Most of the benefits of volunteering identified by the research participants were linked to inclusion and integration. This included meeting people, making friends, finding work, learning more about Ireland, and developing language skills.
It was clear that volunteering facilitated the social inclusion of both individual volunteers and their families. One mother described how volunteering at a local charity shop had helped her find out about local sports clubs which her children subsequently joined. Nearly three quarters (73%) of those who volunteered in Ireland over the last 5 years had volunteered before coming to Ireland. Many saw volunteering as a life-long commitment, and their involvement in volunteering in Ireland was a continuation rather than a new departure.
Are there barriers to overcome?
The National Volunteering Strategy 2021- 2025 calls for greater diversity within volunteering and for the inclusion of underrepresented and marginalised groups. But there needs to be greater understanding of the barriers faced by specific communities, and targeted approaches to addressing these barriers.
Lack of information on volunteering opportunities and difficulties in finding roles that were relevant to them were two of the principal barriers to volunteering identified in our research. Migrants often do not have access to the same networks and routes into volunteering as members of the general population, who tend to rely on ‘word of mouth’ and being asked.
The research also raises concerns that migrants who are not proficient in spoken English – and who might therefore benefit from the social aspect of volunteering – may feel excluded. Over the last 18 months, the pandemic has posed further challenges, particularly to those living in direct provision, highlighting the precarity experienced by asylum seekers in Ireland.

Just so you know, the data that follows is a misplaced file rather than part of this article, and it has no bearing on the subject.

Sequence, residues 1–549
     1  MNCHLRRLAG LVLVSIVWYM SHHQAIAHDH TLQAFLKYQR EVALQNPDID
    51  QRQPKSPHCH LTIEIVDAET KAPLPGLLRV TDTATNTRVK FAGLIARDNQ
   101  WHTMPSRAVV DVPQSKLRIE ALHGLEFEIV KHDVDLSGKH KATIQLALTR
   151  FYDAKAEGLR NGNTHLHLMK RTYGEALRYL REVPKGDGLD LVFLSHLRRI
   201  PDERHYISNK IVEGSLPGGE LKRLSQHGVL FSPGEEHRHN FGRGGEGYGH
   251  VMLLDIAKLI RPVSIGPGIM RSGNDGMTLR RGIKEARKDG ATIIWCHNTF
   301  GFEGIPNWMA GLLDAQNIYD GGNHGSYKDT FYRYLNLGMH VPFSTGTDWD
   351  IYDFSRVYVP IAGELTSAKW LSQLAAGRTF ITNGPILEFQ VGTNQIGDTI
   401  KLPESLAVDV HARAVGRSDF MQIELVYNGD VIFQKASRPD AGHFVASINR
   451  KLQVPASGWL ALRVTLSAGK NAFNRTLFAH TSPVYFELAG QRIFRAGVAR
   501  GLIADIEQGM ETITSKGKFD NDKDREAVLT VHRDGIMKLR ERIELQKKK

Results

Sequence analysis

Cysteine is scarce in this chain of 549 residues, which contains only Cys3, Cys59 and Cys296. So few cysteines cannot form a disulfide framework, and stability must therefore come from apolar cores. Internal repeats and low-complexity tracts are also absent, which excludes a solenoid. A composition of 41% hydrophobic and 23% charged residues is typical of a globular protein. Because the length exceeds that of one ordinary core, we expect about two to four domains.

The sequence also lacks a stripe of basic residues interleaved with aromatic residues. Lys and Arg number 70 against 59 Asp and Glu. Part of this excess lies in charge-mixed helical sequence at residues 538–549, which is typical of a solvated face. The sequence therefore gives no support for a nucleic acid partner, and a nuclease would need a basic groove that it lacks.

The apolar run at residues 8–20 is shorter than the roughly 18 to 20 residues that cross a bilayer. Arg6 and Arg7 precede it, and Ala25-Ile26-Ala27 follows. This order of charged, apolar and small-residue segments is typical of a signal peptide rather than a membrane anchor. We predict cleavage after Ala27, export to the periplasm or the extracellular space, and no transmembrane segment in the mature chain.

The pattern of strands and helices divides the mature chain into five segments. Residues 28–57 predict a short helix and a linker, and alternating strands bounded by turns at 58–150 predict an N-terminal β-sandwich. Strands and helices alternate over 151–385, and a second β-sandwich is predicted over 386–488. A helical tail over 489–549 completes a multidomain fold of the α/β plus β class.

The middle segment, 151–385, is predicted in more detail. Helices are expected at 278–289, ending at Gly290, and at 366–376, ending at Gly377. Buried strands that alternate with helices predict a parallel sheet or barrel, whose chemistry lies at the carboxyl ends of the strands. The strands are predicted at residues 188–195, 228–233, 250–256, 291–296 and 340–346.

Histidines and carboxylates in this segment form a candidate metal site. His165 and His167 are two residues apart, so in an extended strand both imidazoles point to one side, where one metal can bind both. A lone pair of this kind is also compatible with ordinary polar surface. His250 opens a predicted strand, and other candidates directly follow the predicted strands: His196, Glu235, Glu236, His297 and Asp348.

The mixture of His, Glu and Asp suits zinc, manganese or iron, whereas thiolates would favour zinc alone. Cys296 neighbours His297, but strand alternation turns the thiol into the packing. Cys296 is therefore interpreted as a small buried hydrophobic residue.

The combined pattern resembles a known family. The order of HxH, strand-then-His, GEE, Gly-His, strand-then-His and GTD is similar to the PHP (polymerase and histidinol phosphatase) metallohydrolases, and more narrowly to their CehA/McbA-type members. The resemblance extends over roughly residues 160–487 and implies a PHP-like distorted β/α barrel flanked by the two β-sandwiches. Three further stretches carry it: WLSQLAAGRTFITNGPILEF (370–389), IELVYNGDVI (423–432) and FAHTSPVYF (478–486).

The research also demonstrates that the provision of a volunteering infrastructure is particularly important for migrants to be afforded opportunities to volunteer. Formal volunteering structures such as Cork Volunteer Centre and other support organisations for migrants and newcomers play a key role in supporting two-way integration and providing access to social and cultural capital that can be restricted to new members of the community. Migrants are clearly not a homogenous population so targeted programmes aimed at engaging with particular groups may be most effective.
Dr. Margaret Scanlon is the Research Coordinator in the Institute for Social Science in the 21st Century (ISS21) at UCC. Dr Shirley Martin is a Social Policy Lecturer at the School of Applied Social Studies at UCC . She is the Irish Primary Investigator for the four-year Horizon 2020 Project IMMERSE: Integration Mapping of Refugee and Migrant Children in Schools in Europe and the Primary Investigator on the Irish Research Council INVOLVE Project exploring migrant engagement in civic society through volunteerism.
This article was originally published by RTÉ Brainstorm. The views expressed here are those of the author and do not represent or reflect the views of SmartVol.